More and more Americans are finding it difficult to pay their landlords (as I showed).
The solution, of course, is NOT the Pure House [ht: ja] luxury commune:
Pure House isn’t what most people think of when they hear the word “commune.”
The nine-apartment, 50-bedroom facility in the Williamsburg section of Brooklyn, New York, has more residents working on startup ideas than wearing tie-dye and more coders than beaded curtains.
It offers fully furnished units, a clubhouse, stocked kitchen and cleaning service, not to mention luxury health and wellness experiences like community meditation, massages, pop-up brunches, group fitness classes and one-on-one nutrition or professional development coaching.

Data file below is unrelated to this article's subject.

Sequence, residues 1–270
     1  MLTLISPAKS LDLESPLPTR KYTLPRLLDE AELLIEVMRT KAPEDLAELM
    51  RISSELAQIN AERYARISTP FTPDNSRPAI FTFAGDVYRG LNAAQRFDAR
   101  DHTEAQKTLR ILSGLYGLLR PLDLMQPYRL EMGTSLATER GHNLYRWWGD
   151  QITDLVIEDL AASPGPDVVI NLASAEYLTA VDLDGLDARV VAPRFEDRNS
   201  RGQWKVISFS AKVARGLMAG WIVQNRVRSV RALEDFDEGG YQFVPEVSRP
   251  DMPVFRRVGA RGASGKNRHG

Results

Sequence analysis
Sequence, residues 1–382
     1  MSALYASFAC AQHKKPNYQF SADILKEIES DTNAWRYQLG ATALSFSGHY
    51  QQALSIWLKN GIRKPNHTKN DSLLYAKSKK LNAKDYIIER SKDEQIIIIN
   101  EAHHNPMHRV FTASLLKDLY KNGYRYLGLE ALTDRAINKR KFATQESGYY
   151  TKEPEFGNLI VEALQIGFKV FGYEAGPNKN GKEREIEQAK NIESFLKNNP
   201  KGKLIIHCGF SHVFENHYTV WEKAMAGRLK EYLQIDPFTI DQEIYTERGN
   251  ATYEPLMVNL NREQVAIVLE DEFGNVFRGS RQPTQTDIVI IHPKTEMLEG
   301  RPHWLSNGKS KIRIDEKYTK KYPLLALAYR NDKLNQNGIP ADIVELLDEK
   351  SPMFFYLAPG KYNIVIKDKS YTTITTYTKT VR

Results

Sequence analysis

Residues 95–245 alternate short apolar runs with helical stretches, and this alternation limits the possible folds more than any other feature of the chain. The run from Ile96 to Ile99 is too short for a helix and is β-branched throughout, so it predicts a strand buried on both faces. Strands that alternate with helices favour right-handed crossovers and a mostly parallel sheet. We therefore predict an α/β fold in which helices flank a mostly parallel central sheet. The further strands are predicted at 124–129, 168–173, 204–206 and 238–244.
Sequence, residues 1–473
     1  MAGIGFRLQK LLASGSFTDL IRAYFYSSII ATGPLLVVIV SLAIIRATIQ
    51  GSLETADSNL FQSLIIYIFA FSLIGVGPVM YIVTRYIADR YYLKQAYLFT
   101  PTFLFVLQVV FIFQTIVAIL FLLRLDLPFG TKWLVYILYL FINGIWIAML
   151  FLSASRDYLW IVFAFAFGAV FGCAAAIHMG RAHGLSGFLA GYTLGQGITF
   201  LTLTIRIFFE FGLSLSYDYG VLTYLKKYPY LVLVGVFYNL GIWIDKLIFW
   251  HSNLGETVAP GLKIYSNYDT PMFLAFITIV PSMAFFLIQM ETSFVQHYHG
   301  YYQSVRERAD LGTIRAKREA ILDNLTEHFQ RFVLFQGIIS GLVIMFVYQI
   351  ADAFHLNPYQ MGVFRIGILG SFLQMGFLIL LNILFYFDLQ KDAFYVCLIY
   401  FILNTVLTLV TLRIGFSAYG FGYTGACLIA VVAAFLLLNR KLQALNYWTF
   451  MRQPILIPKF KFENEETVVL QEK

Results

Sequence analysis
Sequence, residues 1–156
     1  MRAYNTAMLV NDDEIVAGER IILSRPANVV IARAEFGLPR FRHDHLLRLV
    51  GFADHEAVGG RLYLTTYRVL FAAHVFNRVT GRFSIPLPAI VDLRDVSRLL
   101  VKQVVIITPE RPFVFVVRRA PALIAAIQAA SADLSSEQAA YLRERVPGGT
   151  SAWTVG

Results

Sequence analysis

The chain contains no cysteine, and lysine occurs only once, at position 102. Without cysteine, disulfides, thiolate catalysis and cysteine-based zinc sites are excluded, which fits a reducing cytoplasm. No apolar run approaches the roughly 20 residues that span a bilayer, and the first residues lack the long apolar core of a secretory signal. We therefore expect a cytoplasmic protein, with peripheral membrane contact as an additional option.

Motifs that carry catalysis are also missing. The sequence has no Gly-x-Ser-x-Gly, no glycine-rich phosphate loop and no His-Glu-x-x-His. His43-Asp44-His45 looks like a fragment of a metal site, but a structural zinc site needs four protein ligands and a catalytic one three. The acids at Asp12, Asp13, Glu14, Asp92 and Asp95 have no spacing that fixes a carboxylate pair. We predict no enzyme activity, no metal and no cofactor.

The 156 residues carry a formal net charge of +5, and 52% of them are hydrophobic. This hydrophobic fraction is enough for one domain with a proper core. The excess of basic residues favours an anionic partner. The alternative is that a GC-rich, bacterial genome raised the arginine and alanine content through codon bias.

Its stated purpose is to reinvent the way members live by providing “thoughtfully designed spaces” and “intentionally curated goods and services.”
Naturally, high-end communal living comes with a price tag to match: Residents pay around $4,000 per month.
Even I wanted to join, I doubt they’d let me into their “commune.” And this kind of communal living is certainly not going to solve the growing problem of rental affordability in the United States.